Researchers have already recognized (and addressed) the fact that conventional signal controllers do not easily provide enough flexibility to address all the necessities of any intersection with different conditions and needs. For example, in the context of bicyclists and pedestrians, Furth et al. investigated a phasing system known as “protected-yet concurrent phasing”, in which right turns have their phase and bike and pedestrian crossings operate in their own separate phases simultaneously with the parallel traffic phase [17]. Based on another paper from the same authors, traditional phasing methods permit conflicts with right-turning traffic either throughout the entire crossing phase or not at all [18]. Therefore, they addressed this gap by comparing two signalization techniques, providing a short, conflict-free interval for crossing pedestrians and bikes. In another recent study, researchers focused on the lack of flexibility for a fully actuated coordination strategy and recognized that the default operations of the coordinated phase are rarely modified in practice [19]. In another study, the authors developed a new signal control approach, allowing pedestrian overlap phases with vehicles using barrier-free ring structures. While the RBC serves as a valuable simplification for typical intersection layouts, it can also be constraining when a movement on one side of a barrier conflicts with some, but not all, of the movements on the other side, creating unnecessary delay to those movements. Evaluations found the use of pedestrian overlaps can significantly reduce pedestrian delays compared to basic traditional signal control [20]. This limitation cannot be addressed within the fundamental structure of RBC unless introducing additional phases and overlap phasing [21]. They proposed a new strategy aiming to combine uncoordinated with coordinated control in low to medium traffic while the coordination cycle is long. Additionally, Gavric et al. introduced two novel pedestrian timing treatments utilizing the EBC concept, which accommodates pedestrian timing within the cycle length optimized for vehicular phases. These pedestrian treatments are relevant for pretimed fixed signal timing plans where only pedestrian calls are actuated [22].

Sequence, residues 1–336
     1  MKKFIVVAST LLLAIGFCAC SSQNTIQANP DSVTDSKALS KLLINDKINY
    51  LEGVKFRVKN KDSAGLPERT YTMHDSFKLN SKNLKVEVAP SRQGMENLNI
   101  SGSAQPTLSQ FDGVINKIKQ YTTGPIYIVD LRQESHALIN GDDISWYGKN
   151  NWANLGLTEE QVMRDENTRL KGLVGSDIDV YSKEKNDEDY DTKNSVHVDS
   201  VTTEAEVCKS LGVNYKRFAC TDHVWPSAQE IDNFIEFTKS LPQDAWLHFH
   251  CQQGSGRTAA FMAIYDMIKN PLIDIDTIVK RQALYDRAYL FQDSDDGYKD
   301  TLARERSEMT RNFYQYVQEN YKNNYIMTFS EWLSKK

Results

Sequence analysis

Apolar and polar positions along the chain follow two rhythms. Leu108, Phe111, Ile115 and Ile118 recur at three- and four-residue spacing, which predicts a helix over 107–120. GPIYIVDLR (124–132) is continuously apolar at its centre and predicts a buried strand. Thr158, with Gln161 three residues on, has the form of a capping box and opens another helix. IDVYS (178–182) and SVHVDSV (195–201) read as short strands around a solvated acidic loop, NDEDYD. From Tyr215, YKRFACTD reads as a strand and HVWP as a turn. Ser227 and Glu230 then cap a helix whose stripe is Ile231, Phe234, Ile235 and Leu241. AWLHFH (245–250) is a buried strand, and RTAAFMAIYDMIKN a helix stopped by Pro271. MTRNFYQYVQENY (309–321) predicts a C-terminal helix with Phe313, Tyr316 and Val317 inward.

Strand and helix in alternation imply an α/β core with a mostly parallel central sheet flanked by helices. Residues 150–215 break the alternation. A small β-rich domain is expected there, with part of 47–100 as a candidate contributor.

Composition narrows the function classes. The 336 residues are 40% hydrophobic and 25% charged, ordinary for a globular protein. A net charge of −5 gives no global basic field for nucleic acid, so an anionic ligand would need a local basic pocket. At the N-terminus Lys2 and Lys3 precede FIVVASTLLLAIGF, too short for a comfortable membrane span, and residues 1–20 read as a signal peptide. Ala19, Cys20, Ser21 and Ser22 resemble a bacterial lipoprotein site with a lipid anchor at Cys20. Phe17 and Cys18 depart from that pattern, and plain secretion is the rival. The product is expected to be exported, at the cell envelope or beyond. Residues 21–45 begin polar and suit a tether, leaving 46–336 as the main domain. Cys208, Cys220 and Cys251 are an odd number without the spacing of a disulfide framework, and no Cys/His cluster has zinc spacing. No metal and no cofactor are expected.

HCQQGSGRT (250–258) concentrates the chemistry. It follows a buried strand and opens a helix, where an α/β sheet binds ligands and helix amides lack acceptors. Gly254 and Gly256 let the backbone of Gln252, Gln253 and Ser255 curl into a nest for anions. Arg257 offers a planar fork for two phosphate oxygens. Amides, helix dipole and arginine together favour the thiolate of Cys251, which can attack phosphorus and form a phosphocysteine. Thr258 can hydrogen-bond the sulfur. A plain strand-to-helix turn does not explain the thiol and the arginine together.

Several other approaches have been proposed to design and implement innovative signal control systems to address the limitations of the commonly available traffic control systems. For the first time, Pappis and Mamdani proposed the application of a fuzzy logic controller (FLC) to control traffic characterized by randomness [23]. The findings of their implementation of an FLC at a single intersection of two one-way streets demonstrated that the system performs better with a fuzzy logic controller over an effective conventional vehicle-actuated controller. Nakatsuyama et al. introduced the phase (offset) controller, employing fuzzy control statements to control adjacent chains of intersections with one-way movements [24]. This controller determines when the green signal for the downstream intersection should be terminated depending on the demand from the upstream intersection. For the first time, Chiu applied fuzzy logic to control multiple intersections in a network of two-way streets without turning movements to adjust the cycle time, phase split, and offset parameters based on the degree of saturation on each intersection approach [25]. More studies have been conducted using a fuzzy logic-based controller, focusing on phase sequence controllers for traffic control systems, controlling the timing of a pedestrian crossing signal, determining whether to extend or terminate the current signal phase, freeway adaptive ramp metering, and controlling the diverging diamond interchange [26][27][28].

This entry is adapted from the peer-reviewed paper 10.3390/sym16020157